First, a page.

I was wondering different packages are usually handled. Specifically, the SMD packages.

Are there any benefits to having all components in a single package?

For example, I have all of my resistors and capacitors in 0402 package but one of the capacitors is nearly 10x in cost for this package size vs say 0805.
Does it make sense to use the cheaper one or would such a choice in turn make assembly more expensive?

  • \$\begingroup\$ There is no cost difference if they are different BOM lines. Consolidating parts saves money, not consolidating package size. Sometimes for very large packages either two slots in reel machine or a special placer adapter needs to be used which may add cost, but this is not an issue for standard smt resistors \$\endgroup\$
    – crasic
    Commented Feb 14, 2020 at 17:12
  • \$\begingroup\$ If the 0402 part is really 10x the cost I would suspect it's of a capacitance/voltage that's very difficult to manufacture and/or there is a supply issue. A part that you can't get for love or money is very expensive indeed. The voltage coefficient might be horrible too, compared to an 0805. \$\endgroup\$ Commented Feb 14, 2020 at 18:53

2 Answers 2


From a perspective of pure mechanics of an assembly house there is no difference whatsoever to using different package IF it is same SMD type.

SMDs are assembled by pick-and-place machines which don’t really care about package size as long as it is size the machine can handle (going some super small packages may significantly reduce number of houses that can do assembly for you because the machine they have may not be capable of handling those sizes). In other words if the bulk of your components is in 0402, then you will be pretty safe going bigger packages for some of the components.

Things changes if you want to mix SMD and THT components as (again) some houses may not have machines capable of reliably placing THT ones and thus requiring manual work to place those. Or they may not even have wave soldering machine, which again would lead to manual soldering.


You'd have to check with your manufacturer to be sure. Very small packages, (0402 is pretty standard now though), "blind" packages (BGA etc), and having lots of different parts (there will be a limit on the number of reels on the pick and place machine) will raise the cost. Tiny and/or blind packages will also reduce your yield.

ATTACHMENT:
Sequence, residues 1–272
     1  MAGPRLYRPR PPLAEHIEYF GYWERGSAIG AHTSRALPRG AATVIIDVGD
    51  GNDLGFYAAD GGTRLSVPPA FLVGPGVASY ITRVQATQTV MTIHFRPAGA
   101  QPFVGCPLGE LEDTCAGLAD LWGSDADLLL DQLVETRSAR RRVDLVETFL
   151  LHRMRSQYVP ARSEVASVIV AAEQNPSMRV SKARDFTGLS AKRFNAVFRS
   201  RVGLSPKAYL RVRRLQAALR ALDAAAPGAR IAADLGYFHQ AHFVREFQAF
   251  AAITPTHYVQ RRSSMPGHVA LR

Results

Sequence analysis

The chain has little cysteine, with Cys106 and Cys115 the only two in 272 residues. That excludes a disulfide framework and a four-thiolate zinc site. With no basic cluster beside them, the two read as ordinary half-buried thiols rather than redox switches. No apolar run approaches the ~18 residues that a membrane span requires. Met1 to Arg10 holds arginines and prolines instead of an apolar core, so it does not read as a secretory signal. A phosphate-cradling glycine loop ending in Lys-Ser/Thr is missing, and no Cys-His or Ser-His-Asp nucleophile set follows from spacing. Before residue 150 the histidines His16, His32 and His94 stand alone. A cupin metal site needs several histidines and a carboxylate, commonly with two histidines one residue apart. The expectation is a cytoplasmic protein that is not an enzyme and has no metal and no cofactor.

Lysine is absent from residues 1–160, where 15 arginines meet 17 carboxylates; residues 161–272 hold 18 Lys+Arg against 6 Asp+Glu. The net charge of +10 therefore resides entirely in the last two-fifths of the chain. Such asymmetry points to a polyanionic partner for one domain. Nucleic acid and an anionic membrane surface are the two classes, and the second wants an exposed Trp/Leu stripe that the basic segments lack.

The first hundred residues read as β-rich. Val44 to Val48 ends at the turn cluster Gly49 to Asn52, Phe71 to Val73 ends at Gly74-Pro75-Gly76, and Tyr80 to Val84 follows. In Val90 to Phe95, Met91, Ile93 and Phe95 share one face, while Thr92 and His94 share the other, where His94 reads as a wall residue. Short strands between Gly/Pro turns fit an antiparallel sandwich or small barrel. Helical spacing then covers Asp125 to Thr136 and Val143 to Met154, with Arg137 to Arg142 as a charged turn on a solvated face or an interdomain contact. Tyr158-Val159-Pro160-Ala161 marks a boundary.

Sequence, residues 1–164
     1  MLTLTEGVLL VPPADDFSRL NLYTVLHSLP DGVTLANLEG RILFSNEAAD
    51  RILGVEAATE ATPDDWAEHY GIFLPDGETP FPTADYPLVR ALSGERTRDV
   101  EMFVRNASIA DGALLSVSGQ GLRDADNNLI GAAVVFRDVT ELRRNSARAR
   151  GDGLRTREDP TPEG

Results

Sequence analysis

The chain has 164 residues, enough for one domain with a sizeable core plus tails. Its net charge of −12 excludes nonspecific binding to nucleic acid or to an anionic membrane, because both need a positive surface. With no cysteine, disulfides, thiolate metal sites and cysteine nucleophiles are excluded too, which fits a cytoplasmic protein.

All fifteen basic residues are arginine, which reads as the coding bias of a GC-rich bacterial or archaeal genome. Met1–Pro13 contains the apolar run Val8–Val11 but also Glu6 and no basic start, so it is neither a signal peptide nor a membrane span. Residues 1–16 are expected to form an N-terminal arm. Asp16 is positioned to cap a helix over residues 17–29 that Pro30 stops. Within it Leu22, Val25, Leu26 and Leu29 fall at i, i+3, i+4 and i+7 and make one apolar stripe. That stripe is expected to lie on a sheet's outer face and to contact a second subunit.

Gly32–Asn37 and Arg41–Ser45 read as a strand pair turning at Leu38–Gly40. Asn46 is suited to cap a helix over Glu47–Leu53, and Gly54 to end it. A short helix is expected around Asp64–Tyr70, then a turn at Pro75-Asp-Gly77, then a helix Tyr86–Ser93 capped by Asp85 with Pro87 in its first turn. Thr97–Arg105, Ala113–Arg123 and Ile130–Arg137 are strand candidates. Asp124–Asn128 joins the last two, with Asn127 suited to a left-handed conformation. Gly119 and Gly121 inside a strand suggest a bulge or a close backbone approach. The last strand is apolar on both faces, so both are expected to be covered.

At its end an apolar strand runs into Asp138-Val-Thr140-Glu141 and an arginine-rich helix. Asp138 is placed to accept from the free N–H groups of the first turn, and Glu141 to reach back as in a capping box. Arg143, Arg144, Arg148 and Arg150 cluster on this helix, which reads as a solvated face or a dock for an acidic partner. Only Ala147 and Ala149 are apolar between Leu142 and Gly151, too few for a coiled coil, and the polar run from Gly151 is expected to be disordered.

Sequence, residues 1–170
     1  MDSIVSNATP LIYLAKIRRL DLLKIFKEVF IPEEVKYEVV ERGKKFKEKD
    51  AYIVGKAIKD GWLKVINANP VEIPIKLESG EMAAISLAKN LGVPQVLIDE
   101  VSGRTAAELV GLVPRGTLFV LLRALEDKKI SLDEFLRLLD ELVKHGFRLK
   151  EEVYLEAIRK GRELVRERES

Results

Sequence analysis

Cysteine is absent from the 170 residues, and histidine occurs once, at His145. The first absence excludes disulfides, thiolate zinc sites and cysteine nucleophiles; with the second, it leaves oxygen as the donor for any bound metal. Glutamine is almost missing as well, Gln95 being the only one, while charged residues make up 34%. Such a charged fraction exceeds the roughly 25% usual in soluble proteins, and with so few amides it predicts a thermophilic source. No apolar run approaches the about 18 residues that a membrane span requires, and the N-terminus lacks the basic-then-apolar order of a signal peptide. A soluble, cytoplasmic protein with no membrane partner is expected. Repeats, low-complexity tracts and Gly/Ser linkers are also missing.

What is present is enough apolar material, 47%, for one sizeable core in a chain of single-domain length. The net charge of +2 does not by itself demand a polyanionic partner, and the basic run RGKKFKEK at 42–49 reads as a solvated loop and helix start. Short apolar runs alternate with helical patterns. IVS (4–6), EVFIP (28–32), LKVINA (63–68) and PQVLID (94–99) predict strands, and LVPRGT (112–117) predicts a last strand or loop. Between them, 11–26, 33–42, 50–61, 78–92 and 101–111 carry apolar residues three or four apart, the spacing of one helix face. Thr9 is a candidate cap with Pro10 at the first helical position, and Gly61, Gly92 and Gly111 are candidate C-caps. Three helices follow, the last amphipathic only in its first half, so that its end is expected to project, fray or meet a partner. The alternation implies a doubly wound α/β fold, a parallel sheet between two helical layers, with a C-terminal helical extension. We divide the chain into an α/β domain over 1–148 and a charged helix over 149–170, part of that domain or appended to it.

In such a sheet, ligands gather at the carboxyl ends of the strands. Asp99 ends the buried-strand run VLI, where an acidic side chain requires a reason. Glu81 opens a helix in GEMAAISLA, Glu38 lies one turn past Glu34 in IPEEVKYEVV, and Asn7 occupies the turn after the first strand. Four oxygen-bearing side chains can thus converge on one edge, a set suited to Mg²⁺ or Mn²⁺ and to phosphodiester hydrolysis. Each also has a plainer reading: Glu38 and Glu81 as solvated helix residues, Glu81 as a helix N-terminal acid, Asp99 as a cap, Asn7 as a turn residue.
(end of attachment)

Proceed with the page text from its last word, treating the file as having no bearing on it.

BOM consolidation allows you to buy more of the same component, taking advantage of bulk cost reduction and also reducing opportunities for incorrect orders. Another factor to consider is that there is always wastage in the pick and place - let's say you lose 10 of each components per run. If you only have 10 BOM lines your overhead is 100 wasted components. If you have 100 BOM lines, your overhead becomes 1000 wasted components.

So, if you get a 10X reduction in cost by reusing a BOM line then do it. If the cost of adding a BOM line is less than reuse, then just add it.

  • \$\begingroup\$ Thanks! I'm mainly concerned about choosing a package for a BOM line that has to be there anyway. Most of my components are space constrained, but a couple capacitors have some room around them. Do you have any resources on yield and optimizing for it? Also what do you mean by blind packages? \$\endgroup\$
    – mewa
    Commented Feb 14, 2020 at 17:28
  • 1
    \$\begingroup\$ @mewa - Blind packages have solder connections underneath the component to the extent that they are no longer visible, such as the mentioned BGA that can have hundreds of connections on the underside of the chip. \$\endgroup\$
    – Hitek
    Commented Feb 15, 2020 at 0:52
  • 1
    \$\begingroup\$ @mewa - nothing specific, but my best advice is to involve your manufacturer as early as possible in the process. Get a good list of design rules from them, and make sure you follow it. Don't push the tolerances, e.g. if they say minimum separation is 0.15 mm, don't use that as the default separation, only when required. They may also have suggestions about pad design for small components etc. Search for "pcb manufacture yield" for lots of articles. (Hitek answered your query about blind connections). \$\endgroup\$
    – awjlogan
    Commented Feb 15, 2020 at 11:45
  • 1
    \$\begingroup\$ @mewa if you have space around the components, and it will be cheaper, go for it! The manufacturer will not mind putting a larger component in. Also, the manufacturer may give you standard components for free, as the cost to them of changing reels may be higher than just leaving the standard parts on. So, get in touch with your manufacturer :) \$\endgroup\$
    – awjlogan
    Commented Feb 15, 2020 at 14:51

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